Saturday, January 22, 2011

From Creative to Compliant

After talking about Creative Writing verses Technical Writing the other night, it really got me thinking about the concept of “compliance” that I remember Elbow referring to in his article Illiteracy at Oxford and Harvard: Reflections on the Inability to Write, which is about the notion of voice verses compliance in writing.
Personally, I have struggled to integrate my compliance to structure with a passion for writing. In fact, I feel as though my passion for writing has become abolished by educational rhetoric and academic compliance.  It’s been almost 6 years since I received my undergrad, and I’m finding the transition back into the classroom much more difficult than I had expected. I was actually very excited about returning as a student. I’ve been trying to create good students for so long now, so I felt like I’d know exactly what I needed to do in order to become one myself. Of course, this all falls right into the trap of compliance.
Not only am I complying with the standard writing structures in that regard, but also for the past 4 years, I have been writing digital textbooks. The texts demand so much of time, effort, and writing energy that the creative writer, which once such a significant part of my life, has seemingly vanished.
 Shortly after I began teaching, I also started writing the digital texts. The work was tedious and never-ending. Along with grading, lesson planning, and every other aspect of my life, I found that I had no time for writing unless it was something that would make me money. The deadlines that were set were ridiculous, and I would spend days upon days glued to my computer screen from sunrise until late into the night writing.
Writing became a duty and a task; it was work. It was no longer something I believed in. The structure of the textbooks completely conflicted with my beliefs about teaching and learning; I was writing instructions for things that I would never actually do as a teacher. I still work for the company, and I hate it. I only do it because I’m getting paid to do what I do best: write. I can do it from home, on my own time. Most people would love to have such an opportunity, but sometimes some things aren’t as great as they seem.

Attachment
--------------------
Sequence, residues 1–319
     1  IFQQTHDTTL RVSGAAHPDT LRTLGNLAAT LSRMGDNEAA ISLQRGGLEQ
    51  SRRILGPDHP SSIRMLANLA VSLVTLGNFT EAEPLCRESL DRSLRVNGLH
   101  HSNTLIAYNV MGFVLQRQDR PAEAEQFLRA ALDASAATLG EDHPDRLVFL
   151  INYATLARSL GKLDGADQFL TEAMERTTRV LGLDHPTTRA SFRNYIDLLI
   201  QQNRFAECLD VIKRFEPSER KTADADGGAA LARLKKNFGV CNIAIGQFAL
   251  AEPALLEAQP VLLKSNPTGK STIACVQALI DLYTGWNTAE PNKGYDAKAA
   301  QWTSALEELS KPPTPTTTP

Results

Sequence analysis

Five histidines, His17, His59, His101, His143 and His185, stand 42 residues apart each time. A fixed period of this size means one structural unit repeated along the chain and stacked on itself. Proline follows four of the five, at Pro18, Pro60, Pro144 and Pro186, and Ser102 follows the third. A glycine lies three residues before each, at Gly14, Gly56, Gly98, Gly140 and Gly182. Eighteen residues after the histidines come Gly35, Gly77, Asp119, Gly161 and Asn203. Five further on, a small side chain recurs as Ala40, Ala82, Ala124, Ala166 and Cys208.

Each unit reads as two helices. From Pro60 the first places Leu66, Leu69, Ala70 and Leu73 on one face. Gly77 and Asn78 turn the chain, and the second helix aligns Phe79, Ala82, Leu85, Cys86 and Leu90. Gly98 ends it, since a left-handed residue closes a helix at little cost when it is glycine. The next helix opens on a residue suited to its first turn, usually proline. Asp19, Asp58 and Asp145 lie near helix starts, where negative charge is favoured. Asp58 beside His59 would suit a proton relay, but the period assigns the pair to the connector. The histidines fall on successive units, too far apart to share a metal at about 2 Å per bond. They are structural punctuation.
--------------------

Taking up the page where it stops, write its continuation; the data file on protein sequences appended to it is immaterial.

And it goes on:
I thought I enjoyed being a compliant writer, but I’ve begun to realize that my lack of personal voice and passion for writing must be reflected in my teaching practices. How can I expect a student to feel passionate about their voice if I have become so compliant in my quest for knowledge and writing that I have lost my own?
 My cyber school teaching experience differs greatly from my classroom experience, and it seems to be more aligned with many of the theories surrounding writing that I’ve been learning about during grad school. I suppose this makes me feel a little bit better about what I’m doing now, but I’ve sometimes found myself more passionate about teaching the students in the computer lab about the distance formula than I do about writing. What am I missing? Why have I become so compliant? Why do I feel like I’ve lost my voice?
I only taught the 9th grade Writing class for one year, and I taught 11th grade Honors Literature during the rest of my classroom teaching experience, so there was a lot of writing involved. During the class, the students each had to write their own original novels, and other than analytical, reflective, and research papers, the curriculum focused primarily on writing strategies geared toward the ACT.
As I reflect back on those experiences, I feel like I did a disservice to those students; I never really taught them how to find their voice. I feel like I regressed my teaching to basic writing strategies, grammar, usage, and mechanics, but I never gave them a chance to really embrace their inner creative writer. Sure, the novel was great, and most of the students really enjoyed it, but I feel like I never showed them how to become passionate about their writing. I taught them compliance because that’s what I do best.

1 comment:

  1. That's a very heartfelt and complicated post. I think I understand your concern over losing your voice due to work burnout. I write and edit for a living, and I have insane deadlines, too. (All-nighters aren't uncommon.) The content of my work is dull, dry, rarely read in full, and definitely not an extension of what I'm all about. Nonetheless, I feel positive about my efforts and feel my voice is being heard through the choices I make. I think a level of creativity can be achieved even in compliant situations. It might just get buried between the lines a bit.

    Also, there's nothing wrong with teaching your students the craft of writing. I think approaching written communication as craft is a great way to demystify what we do - make it more egalitarian. The art of writing comes later (or not). At any rate, it sounds like you planted some good seeds.